Somy Ali honours Deepika Padukone/ Kangana Ranaut for speaking their truth!

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Somy Ali, who runs a US based NGO called No More Tears and works tirelessly for the victims of domestic violence and rape, took to Instagram to honour actress Deepika Padukone for her courageous admission of suffering from depression herself, and then going along and helping other deal with depression as well, through her foundation.

“Today, I would like to bow my head down and simultaneously salute this beautiful young lady. She has talent, intellect and above all, courage. As someone who knows what depression feels like and has inherited it from my mother. I THANK YOU! It’s never easy to be vulnerable and particularly a star of this caliber. You are a real hero! #deepikapadukone “ she wrote, adding, “There were days when I just didn’t want to wake up, I would sleep because sleep for me was an escape,” said Deepika Padukone”

She writes further, “An estimated 3.8% of the population experience depression, including 5% of adults (4% among men and 6% among women), and 5.7% of adults older than 60 years. Approximately 280 million people in the world have depression (1). Depression is about 50% more common among women than among men.”

She shares another video where she details the importance of telling the truth. She praises actress Kangana Ranaut as someone who takes absolute responsibility for her truth and courageously says it. “A very brave, courageous young lady comes to my mind and Kangana Ranaut. And not only is she a phenomenal performer, but she’s very brave and she’s someone who I can tell from her body language, and having studied all of that, that she never lies. She always tells the truth. And hence I have a lot of respect for people that do that because it takes a lot of courage,” she says.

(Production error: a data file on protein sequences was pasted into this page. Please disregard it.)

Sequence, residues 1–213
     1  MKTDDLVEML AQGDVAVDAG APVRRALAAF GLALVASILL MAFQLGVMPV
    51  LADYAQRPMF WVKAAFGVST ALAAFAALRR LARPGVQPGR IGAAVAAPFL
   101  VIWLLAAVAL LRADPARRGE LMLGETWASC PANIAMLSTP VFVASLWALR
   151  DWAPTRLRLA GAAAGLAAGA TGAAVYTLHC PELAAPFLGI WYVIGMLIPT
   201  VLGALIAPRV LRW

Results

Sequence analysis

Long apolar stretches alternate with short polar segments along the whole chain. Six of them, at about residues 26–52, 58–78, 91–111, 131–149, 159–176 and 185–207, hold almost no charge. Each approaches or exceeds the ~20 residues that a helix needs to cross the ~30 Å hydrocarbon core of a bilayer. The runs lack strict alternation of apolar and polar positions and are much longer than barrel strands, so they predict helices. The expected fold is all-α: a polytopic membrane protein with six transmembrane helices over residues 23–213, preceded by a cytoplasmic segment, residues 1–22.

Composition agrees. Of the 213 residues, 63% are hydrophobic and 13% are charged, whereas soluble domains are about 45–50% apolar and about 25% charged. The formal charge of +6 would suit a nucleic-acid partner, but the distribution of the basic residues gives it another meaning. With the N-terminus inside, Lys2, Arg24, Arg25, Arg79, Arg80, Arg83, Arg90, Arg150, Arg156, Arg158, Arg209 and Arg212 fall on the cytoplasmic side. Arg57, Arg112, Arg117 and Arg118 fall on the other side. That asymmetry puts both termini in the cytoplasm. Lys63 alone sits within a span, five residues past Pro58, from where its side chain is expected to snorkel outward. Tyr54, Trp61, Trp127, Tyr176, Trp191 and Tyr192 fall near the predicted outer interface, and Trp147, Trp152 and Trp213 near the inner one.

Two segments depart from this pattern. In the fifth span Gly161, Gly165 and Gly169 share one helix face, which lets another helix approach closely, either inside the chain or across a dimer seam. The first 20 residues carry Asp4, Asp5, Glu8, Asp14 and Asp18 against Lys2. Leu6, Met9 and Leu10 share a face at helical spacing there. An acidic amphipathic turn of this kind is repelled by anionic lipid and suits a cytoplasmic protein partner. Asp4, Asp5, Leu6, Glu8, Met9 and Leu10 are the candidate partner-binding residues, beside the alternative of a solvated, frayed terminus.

She adds, “In saluting what Deepika did, not only did she talk about having depression and having suicidal thoughts, but also she started a mental Health Foundation. That’s phenomenal. And I don’t think she got what she should have gotten in terms of the respect and honour and, you know, accolades for doing what she did and saying what she had said. And I just want to take this time to thank her as someone who does suffer from depression and is seeking help actively.”

She goes on to talk about how mental health disorders or even instances such as rape have always been hidden. “Be it India or Pakistan or wherever, even in America, we don’t really give much light to depression or sexual abuse of children, children or domestic violence or, in India and Pakistan, rape. You have to hide it and, ‘Oh God, you’re the perpetrators! (so) like (you are) the good person,’ and the victim (who) was raped is like the bad person. It’s somehow if you’re abused or raped or beaten, it’s your fault,” she says.

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